Katherine Bond

April 24, 2012

3 Min Read
In Handling Inflammation, First Address Oxidative Stress

A major understanding is on the horizon when it comes to the inter-play of oxidative stress and unhealthy levels of inflammation. One thing always leads to  another; a way that it can be perceived is like a juvenile food fight, one thing goes array, and the next thing you know, a full-blown food fight has occurred, and the instigator has been forgotten. Oxidative stress can develop in the same manner as a food fight. A lifestyle filled with smoking, poor nutrition, unhealthy levels of stress or being over-weight may contribute to oxidative stress —the primary source of unhealthy levels of inflammation.

One cannot discuss inflammation management without first addressing oxidative stress. When not managed correctly, oxidative stress may be the potential cause of unhealthy levels of inflammation. In an attempt to control oxidative stress the body responds by developing unhealthy levels of inflammation in blood vessels and organs. Because un-healthy levels of inflammation hinder the body’s natural immune response, the body can only manage unhealthy levels of inflammation for a short period of time. However, if there continues to be oxidative stress then there continues to be unmanageable, or chronic inflammation. Oxidative stress needs to be managed first, then unhealthy levels of inflammation can begin to be addressed.

Unhealthy levels of inflammation have been linked to the majority of serious, current day chronic health conditions, even conditions effecting cardiovascular health. LDL cholesterol, specifically LDL oxidation, is recognized as an important initial stage in the etiology of coronary heart disease. Therefore, preventing LDL oxidation is believed to slow the progression and reduce the risk of coronary heart health issues (Rao, et al. 1999). Currently, patients can ask their doctors to test their Oxidized LDL levels —another significant, soon-to-be biomarker for heart health.

One thing leads to another, and the awareness of oxidative stress has led to the enthusiastic use of antioxidants. Antioxidants have been shown to have positive benefits on maintaining cardiovascular health. Going back to food, except this time the food we eat versus the food we throw away, plays an important role in providing our body with the essential antioxidants needed to manage oxidative stress and keep it from contributing to unhealthy levels of inflammation. The function of antioxidants is not to remove harmful oxidants entirely, but instead, to keep them at a level below which will trigger an unhealthy inflammatory response (Pashkow, 2011).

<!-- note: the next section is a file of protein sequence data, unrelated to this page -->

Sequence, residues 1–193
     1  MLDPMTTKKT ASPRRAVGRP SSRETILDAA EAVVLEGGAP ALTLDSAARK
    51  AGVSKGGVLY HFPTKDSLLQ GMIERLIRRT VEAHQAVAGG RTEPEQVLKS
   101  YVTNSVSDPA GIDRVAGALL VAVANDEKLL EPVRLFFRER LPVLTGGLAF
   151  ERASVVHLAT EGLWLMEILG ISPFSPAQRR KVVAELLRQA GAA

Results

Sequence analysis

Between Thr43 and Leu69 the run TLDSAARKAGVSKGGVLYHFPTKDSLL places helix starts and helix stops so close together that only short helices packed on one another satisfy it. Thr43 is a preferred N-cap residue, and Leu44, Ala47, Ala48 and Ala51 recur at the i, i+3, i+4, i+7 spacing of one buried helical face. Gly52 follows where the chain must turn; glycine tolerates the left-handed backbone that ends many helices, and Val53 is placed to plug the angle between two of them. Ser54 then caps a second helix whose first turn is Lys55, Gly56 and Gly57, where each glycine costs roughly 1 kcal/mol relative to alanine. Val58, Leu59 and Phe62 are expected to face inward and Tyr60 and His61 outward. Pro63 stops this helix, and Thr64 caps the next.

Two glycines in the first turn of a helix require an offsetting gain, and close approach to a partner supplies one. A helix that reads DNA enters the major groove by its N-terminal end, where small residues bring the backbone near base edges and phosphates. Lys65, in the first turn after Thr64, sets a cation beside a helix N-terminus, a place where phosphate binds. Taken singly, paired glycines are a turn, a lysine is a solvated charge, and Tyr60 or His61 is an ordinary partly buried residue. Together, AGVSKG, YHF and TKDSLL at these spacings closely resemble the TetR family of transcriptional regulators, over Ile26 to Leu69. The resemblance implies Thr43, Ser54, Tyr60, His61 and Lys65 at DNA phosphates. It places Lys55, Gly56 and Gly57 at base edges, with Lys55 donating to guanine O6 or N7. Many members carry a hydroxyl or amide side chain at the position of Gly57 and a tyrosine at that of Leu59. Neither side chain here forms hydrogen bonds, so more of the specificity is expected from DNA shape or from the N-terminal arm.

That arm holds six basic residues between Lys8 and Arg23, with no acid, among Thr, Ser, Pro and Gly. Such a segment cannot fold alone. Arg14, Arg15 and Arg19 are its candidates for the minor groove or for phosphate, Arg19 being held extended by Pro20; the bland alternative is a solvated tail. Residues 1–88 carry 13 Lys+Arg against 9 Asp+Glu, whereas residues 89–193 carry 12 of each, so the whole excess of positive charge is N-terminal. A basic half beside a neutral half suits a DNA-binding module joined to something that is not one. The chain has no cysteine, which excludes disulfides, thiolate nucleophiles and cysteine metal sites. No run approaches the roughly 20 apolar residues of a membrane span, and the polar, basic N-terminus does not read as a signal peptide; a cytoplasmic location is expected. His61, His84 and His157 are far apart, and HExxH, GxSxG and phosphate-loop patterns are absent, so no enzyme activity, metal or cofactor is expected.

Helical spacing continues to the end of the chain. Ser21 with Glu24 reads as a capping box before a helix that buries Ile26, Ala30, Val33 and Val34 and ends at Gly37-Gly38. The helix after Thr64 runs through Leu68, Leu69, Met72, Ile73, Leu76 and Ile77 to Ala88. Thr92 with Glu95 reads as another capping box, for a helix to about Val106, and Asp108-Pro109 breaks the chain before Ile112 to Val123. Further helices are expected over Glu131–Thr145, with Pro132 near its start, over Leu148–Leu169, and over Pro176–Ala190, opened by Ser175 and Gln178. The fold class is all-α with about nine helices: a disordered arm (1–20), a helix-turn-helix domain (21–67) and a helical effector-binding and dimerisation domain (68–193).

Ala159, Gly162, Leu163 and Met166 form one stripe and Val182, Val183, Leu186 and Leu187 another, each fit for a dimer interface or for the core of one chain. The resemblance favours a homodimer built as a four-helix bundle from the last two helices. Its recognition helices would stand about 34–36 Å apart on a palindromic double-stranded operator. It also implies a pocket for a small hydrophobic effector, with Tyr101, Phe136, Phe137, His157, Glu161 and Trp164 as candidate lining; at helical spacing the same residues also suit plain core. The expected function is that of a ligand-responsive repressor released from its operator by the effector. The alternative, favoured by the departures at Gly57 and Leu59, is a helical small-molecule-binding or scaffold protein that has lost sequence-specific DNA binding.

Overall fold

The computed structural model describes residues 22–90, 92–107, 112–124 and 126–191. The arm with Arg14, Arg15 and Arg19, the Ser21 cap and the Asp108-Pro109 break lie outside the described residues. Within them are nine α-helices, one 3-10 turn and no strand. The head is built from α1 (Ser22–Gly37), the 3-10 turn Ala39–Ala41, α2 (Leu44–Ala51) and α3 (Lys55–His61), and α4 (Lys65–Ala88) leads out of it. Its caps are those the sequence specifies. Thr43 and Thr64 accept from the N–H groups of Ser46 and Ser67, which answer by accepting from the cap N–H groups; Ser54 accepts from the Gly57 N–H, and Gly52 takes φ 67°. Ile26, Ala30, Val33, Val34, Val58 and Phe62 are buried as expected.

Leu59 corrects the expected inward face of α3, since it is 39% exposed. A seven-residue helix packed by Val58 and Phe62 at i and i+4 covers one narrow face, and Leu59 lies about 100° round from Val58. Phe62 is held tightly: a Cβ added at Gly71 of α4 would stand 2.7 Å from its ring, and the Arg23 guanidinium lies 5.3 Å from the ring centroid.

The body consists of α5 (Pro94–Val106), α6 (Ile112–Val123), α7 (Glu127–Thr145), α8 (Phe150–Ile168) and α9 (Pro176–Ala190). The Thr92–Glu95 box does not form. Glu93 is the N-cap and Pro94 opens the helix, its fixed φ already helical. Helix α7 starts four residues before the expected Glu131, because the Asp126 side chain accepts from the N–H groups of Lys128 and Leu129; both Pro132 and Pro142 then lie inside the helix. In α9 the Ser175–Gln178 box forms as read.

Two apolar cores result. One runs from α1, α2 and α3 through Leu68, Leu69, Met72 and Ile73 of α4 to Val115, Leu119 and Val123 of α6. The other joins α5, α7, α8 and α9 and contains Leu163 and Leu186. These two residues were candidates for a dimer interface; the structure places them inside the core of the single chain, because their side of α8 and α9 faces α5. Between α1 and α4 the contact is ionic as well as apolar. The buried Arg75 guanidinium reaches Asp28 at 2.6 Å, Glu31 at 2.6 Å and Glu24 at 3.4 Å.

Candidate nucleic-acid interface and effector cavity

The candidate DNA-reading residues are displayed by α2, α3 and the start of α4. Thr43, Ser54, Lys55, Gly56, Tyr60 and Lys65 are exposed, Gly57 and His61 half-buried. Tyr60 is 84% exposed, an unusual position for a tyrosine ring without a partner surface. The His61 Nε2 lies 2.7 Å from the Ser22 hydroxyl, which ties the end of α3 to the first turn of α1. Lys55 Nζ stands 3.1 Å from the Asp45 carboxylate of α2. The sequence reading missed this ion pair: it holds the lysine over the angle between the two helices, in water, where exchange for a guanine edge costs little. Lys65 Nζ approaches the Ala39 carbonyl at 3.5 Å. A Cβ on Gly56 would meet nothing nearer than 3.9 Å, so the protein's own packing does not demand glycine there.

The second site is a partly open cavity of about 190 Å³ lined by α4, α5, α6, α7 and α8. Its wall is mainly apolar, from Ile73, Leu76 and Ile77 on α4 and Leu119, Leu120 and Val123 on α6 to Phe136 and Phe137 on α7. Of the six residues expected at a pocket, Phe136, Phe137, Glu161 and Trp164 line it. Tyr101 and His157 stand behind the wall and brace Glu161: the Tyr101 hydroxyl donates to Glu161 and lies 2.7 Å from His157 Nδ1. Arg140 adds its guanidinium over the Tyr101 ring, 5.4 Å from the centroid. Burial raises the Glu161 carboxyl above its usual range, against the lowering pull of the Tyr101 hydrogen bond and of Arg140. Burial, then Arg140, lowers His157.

Fruits such as grapes contain several micronutrient phytochemicals that have antioxidant properties. Evidence indicates that populations consuming grapes and grape products like red wine have lower incidence of coronary heart disease, such as the French population. Grape skin extract may also decrease incidence of coronary heart conditions through the antioxidant activity of resveratrol.

Resveratrol belongs to a class of compounds called stilbenes, which have been reported to inhibit LDL oxidation and platelet aggregation. Stilbene derivatives of resveratrol are reported to be highly active antioxidants. 

BioVin, a full spectrum grape extract, has been shown to “…enhance the body’s DNA repair system against cell damage by acting as an anti-inflammatory and anti–mutagenic agent,” according to Dr. Puya Yazdi, medical director at Cyvex. “Studies suggest that compounds found in grapes play a role in enhancing the antioxidant capacity of blood, and protecting proteins and LDL cholesterol against oxidative damage which could lead to unhealthy levels of inflammation.”

Stepping back, and addressing the cause is the best first step when trying to address inflammation management. So many times the root of the problem is overlooked.  

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